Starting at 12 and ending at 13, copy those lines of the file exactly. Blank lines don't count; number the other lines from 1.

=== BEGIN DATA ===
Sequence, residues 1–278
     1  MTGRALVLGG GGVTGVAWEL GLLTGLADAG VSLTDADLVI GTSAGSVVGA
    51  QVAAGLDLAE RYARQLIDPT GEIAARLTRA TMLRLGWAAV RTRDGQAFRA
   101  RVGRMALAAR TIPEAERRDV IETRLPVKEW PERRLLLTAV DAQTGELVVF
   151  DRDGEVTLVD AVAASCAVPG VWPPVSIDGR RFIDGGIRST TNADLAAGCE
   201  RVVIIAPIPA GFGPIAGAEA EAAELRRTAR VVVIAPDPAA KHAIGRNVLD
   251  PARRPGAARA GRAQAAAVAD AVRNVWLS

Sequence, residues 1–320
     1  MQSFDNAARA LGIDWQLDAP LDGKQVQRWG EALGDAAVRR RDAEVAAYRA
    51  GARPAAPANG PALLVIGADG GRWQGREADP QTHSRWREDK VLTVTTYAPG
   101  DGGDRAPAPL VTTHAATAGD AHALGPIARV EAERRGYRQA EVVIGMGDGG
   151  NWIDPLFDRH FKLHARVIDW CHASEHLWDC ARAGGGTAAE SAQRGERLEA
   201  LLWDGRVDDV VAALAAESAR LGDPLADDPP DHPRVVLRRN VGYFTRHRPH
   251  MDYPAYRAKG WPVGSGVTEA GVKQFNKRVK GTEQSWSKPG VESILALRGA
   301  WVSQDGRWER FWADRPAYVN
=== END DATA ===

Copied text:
   151  NWIDPLFDRH FKLHARVIDW CHASEHLWDC ARAGGGTAAE SAQRGERLEA
   201  LLWDGRVDDV VAALAAESAR LGDPLADDPP DHPRVVLRRN VGYFTRHRPH